U.S. Amateur Recap: Hovland, Bling Both Go Low to Reach Finals

How good was the play in the semifinals at the U.S. Amateur? The losers shot rounds of 4-under and 2-under.

As for the winners? Viktor Hovland and Devon Bling combined to shoot 11-under, sinking 15 birdies at Pebble Beach. They’ll face off in the 36-hole final on Sunday at 7:30 a.m. (The FOX broadcast will begin at 1:30 p.m.)

“Viktor’s playing really well. I’m playing really well. I’m really excited to play him,” previewed Bling.

Here’s how the two finalists got to the brink of history:


In his previous two matches — both 7-and-6 wins — Hovland didn’t even reach the 13th hole. But on Saturday in the semifinals with a berth to the finals, the Masters and the U.S. Open on the line, Hovland was all square, locked into a sea-saw battle with Cole Hammer.

“I hadn’t played Nos. 13-15 in the last few days,” said Hovland, the No. 5 amateur in the world. “But I knew I was most likely going to have to do that today.”

And boy was Hovland ready. The Norwegian responded by rattling off four straight birdies to close out the match. (He birdied the 12th hole for a push to stay all square for good measure, too.)

“There’s not much you can do when he makes six birdies in seven holes on the back nine,” said Hammer, the 18-year-old co-medalist who played 2-under in the semifinals. “I got it back to all square a couple times, but he was just too much for me.”

Both players shot even-par on the front nine to take their match to all square on the 10th tee. But then Hovland went nuts, pouring in birdies on six of his next seven holes to win, 3 and 2. Hammer collected three birdies of his own on the back nine, but even that effort couldn’t push the match to the 17th hole.

“I’m not mad at the way I played, I just ran into a buzz saw,” admitted Hammer, who was scheduled to move into his freshman dorm at Texas on Saturday. “I really wasn’t even that close. There were a few matches where I got away with not playing great golf this summer. That was just never going to happen today. Pars were not going to win any holes.”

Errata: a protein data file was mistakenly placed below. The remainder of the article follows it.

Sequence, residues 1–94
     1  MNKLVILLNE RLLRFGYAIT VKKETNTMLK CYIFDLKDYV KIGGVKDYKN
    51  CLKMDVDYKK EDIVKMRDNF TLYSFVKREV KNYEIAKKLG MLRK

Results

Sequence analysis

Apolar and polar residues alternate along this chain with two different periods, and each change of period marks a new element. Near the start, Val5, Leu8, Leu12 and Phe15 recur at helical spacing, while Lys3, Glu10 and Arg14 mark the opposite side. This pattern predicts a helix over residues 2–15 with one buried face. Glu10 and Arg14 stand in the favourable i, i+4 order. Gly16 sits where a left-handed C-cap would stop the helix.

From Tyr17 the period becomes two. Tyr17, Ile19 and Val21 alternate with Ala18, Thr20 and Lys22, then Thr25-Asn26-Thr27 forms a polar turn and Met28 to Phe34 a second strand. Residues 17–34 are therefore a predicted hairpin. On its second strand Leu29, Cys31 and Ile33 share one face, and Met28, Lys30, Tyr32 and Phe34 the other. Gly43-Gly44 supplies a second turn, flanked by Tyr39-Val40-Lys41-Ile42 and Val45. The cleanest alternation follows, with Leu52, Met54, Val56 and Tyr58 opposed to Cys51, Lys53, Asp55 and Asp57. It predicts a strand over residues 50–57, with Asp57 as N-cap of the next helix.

Hovland finished with eight birdies in just 16 holes to offset Hammer’s five.

“I think we fed off each other a little bit, if not on the same hole, then the next hole,” said Hovland, who shot 6-under in the match.


Bling made so many birdies, he lost count. And yet, he was clinging to a 1-up lead on the 18th hole against Stanford’s Isaiah Salinda.

“All aspects of my game were firing on all cylinders,” said Bling, a sophomore at UCLA. “But it was a battle against Isaiah. He played great.”

It wasn’t until Bling tapped in for par on No. 18 to close out a seven birdie, 5-under 66 that he had punched his ticket to the finals — and won hard-earned berths to next year’s Masters and U.S. Open.

“When I was 1- or 2-up coming down the stretch, I was thinking, ‘If I close this out, I’m in to the U.S. Open and Masters,’ ” an excited Bling admitted.

But Salinda fought until the end. A clutch birdie from 10 feet on No. 16, followed by a must-make 5-footer for par on No. 17, pushed the match to the dramatic 18th, with Salinda needing a win to extend the match.

But Salinda couldn’t get up-and-down from the left greenside bunker for birdie, allowing Bling to lag for the winning par.

“I played really well today,” Salinda said. “That’s all I could ask for. But Devon played awesome.”


The USGA played the third hole from the red tee markers, enticing all four players in the semifinals to go for the green. Bling, Salinda and Hovland all walked away with birdies on the 282-yard par-4.

The fourth and 10th holes have also been set up as reachable par-4s at times during match play. Could we see any other wrinkles during the 36th hole final? Some ideas:

  • It’s a semi-blind shot, but the red tees on No. 11 measure just 303 yards.
  • The 13th tee can be bumped up to 289 yards
  • The 15th hole could turn into a make-or-break tee shot late in you match, playing just 313 yards from the reds.

Facebook Conversations